Video and digital evidence helped “establish a clear sequence of events that led to the confrontation” at simultaneous pro-Israel and pro-Palestinian rallies in California that ended with the death of a Jewish protester and the arrest of his attacker, prosecutors said Friday.
Ventura County District Attorney Erik Nasarenko said detectives had gathered over 600 pieces of evidence and reviewed over 60 witness statements in the case, which led to the arrest of Loay Alnaji, 50, of Moorpark.
Alnaji has been charged with two felonies – involuntary manslaughter and battery causing serious bodily injury – in connection with the death of 69-year-old Paul Kessler in Thousand Oaks earlier this month, the Ventura County District Attorney’s Office said Thursday. He made his first court appearance Friday afternoon.
Alnaji’s bail was set at $50,000 at the hearing. The suspect, who is also a citizen of Jordan, was ordered to hand over his passports.
He pleaded not guilty to both charges, the Ventura County District Attorney’s Office said in a statement Friday. “Alnaji also denied the special allegations that he personally inflicted great bodily injury,” the office said.
Ron Bamieh, a lawyer representing Alnaji, said the charges “came as a bit of a surprise” and called for a “peaceful and respectful approach to the criminal proceedings” in a news release published before the hearing.
Kessler died hours after falling and hitting his head during demonstrations by pro-Israel and pro-Palestinian groups on November 5, according to the Ventura County Sheriff’s Office.
Kessler, who was rallying in support of Israel, was involved in an altercation with a pro-Palestinian protester before he fell, Sheriff Jim Fryhoff has said.
The investigation that led to Alnaji’s arrest “was not an easy undertaking, given the disparate, often conflicting interpretations and statements and also the fragmentary nature of the evidence,” district attorney Nasarenko said Friday at a news conference.
“We were able to take video as well as digital photos and put them together to establish a clear sequence of events leading up to the confrontation,” he said.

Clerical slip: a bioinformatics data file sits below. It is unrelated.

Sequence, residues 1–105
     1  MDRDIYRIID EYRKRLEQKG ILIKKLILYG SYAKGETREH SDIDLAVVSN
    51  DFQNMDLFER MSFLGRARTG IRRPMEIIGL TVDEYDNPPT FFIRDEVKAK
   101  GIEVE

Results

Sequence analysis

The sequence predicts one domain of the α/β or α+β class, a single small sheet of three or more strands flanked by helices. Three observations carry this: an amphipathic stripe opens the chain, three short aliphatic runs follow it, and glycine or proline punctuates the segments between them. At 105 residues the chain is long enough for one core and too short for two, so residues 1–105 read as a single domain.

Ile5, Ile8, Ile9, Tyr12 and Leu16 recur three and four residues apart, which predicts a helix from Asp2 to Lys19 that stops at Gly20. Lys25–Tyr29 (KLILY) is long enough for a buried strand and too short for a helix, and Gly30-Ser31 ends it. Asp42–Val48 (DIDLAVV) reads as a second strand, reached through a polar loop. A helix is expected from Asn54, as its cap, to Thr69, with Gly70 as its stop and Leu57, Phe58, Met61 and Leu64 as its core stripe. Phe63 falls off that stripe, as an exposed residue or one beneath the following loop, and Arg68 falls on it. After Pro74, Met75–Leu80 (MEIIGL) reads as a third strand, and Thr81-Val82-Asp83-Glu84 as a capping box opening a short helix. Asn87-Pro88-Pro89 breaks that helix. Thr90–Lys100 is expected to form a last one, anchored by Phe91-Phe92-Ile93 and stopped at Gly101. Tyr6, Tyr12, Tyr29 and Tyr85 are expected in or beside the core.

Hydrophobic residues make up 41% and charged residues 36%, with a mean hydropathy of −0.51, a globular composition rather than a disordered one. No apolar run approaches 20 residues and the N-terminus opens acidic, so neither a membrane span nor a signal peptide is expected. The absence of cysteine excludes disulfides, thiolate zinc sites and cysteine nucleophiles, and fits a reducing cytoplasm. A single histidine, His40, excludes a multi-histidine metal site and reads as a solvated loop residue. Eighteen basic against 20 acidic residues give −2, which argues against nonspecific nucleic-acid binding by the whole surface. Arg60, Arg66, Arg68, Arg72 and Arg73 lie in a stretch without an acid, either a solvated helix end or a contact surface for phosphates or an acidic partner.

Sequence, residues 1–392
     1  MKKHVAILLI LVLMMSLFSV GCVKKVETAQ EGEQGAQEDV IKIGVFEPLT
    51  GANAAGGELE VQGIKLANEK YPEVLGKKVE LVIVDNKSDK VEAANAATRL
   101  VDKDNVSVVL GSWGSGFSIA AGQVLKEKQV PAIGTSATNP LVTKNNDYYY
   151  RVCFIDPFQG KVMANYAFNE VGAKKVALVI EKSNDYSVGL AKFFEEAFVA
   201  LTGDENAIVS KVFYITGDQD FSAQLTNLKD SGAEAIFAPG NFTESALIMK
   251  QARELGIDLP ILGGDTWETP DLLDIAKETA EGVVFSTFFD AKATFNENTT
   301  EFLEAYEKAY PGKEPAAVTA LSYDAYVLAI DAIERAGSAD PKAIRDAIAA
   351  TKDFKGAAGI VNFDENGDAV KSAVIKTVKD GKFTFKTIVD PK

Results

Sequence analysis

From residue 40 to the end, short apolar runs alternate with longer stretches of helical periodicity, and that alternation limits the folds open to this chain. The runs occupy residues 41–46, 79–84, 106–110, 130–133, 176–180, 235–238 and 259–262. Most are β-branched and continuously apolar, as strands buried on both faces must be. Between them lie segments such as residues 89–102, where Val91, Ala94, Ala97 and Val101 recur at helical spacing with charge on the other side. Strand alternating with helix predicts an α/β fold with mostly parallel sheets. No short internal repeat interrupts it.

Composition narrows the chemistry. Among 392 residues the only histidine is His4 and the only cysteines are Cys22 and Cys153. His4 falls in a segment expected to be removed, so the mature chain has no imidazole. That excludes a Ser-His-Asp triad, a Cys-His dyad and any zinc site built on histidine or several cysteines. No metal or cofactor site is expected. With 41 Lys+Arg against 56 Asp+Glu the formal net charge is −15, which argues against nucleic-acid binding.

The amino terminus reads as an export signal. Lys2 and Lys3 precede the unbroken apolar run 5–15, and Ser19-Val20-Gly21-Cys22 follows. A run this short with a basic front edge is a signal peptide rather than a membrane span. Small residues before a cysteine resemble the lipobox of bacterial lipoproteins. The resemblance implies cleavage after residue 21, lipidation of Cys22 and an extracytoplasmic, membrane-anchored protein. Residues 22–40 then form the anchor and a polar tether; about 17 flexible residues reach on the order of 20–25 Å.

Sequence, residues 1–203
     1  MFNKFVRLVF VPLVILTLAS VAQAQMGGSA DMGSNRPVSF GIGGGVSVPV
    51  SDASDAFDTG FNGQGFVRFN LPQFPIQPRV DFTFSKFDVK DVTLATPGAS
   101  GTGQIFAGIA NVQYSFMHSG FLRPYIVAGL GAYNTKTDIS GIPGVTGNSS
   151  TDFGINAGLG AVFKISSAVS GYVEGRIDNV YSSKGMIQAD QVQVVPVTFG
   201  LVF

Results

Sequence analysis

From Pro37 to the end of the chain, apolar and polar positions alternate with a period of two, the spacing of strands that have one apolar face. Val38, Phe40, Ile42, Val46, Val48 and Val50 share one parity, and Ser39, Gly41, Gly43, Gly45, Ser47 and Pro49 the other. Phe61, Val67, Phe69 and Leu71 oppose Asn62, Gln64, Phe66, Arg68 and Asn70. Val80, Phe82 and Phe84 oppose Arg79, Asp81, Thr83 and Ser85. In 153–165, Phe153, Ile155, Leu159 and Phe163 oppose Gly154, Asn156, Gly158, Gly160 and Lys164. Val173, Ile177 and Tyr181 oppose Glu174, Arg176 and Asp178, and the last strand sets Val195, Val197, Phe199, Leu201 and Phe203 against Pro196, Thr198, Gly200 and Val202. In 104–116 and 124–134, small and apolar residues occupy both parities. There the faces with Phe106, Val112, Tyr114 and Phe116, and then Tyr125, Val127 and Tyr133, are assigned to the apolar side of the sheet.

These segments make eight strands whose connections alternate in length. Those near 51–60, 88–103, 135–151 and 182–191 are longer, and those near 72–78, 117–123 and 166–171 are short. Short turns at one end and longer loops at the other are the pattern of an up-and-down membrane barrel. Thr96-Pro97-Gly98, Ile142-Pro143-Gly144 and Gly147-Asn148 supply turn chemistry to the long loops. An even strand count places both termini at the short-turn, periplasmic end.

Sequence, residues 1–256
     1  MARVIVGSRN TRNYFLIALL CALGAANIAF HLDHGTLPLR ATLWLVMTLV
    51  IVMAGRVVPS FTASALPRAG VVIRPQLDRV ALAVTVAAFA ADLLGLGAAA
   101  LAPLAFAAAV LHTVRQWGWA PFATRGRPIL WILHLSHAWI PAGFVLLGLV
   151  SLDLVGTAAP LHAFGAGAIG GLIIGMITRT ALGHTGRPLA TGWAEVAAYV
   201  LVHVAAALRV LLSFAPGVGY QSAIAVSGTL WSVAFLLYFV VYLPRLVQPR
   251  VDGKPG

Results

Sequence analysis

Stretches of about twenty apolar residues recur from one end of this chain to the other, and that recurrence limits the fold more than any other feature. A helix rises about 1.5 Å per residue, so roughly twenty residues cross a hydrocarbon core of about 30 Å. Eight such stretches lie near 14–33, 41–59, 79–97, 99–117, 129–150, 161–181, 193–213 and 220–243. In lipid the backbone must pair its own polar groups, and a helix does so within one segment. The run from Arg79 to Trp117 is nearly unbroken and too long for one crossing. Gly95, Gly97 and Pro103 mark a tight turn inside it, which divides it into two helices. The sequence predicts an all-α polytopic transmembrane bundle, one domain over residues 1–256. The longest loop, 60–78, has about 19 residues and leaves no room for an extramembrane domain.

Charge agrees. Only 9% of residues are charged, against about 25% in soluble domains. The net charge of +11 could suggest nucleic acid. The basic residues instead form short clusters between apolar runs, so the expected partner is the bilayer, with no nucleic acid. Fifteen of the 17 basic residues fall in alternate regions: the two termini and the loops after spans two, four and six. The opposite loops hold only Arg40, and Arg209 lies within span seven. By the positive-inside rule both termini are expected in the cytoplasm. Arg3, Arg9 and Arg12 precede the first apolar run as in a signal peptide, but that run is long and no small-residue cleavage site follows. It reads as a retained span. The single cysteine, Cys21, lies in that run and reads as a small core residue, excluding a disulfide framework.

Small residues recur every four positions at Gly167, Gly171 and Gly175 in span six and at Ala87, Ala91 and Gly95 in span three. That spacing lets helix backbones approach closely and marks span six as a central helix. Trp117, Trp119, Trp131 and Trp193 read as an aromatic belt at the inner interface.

He added “new physical and forensic evidence, as well as findings regarding the injuries to the left side of Paul Kessler’s face” also contributed to the charges.
The district attorney did not specify exactly how the incident unfolded.
He said authorities had not yet ruled out a hate crime charge and the investigation into whether a hate crime was committed is still ongoing.
Alnaji’s attorney said he has video evidence showing his client was not near the victim when Kessler was fatally injured.
After the court hearing, Bamieh told CNN Kessler “got in the face of many of the protesters,” including Alnaji. He said Kessler stuck his phone in Alnaji’s face and he “brushed” it away.
“When (Kessler) fell, my client is seen on the video 6 to 8 feet away from him,” Bamieh says.
In his earlier news release, Bamieh said Alnaji has no criminal record and is “loved by all that know him.”
“He is a man of peace, who abhors violence, and believes in the truth of persuasive arguments and education, never violence,” Bamieh said in the release.
Bamieh said his client “fully cooperated with law enforcement, attempted to aid Mr. Kessler when he fell, and called 911 when he realized that Mr. Kessler was injured.”
The district attorney noted prosecutors had not filed murder charges because they had found no evidence Alnaji arrived at the event with “the intent to kill, harm or injure anyone.”
His next appearance in court is scheduled for November 29 for a status hearing. A preliminary hearing is set for December 4.
Alnaji has been placed on administrative leave from his job in the Ventura County Community College District, which includes three colleges, the district said Thursday. He works at Moorpark College, The Los Angeles Times reported, though his profile on the district’s website was not available Thursday. The district said it has been communicating with sheriff’s officials during the investigation into Kessler’s death.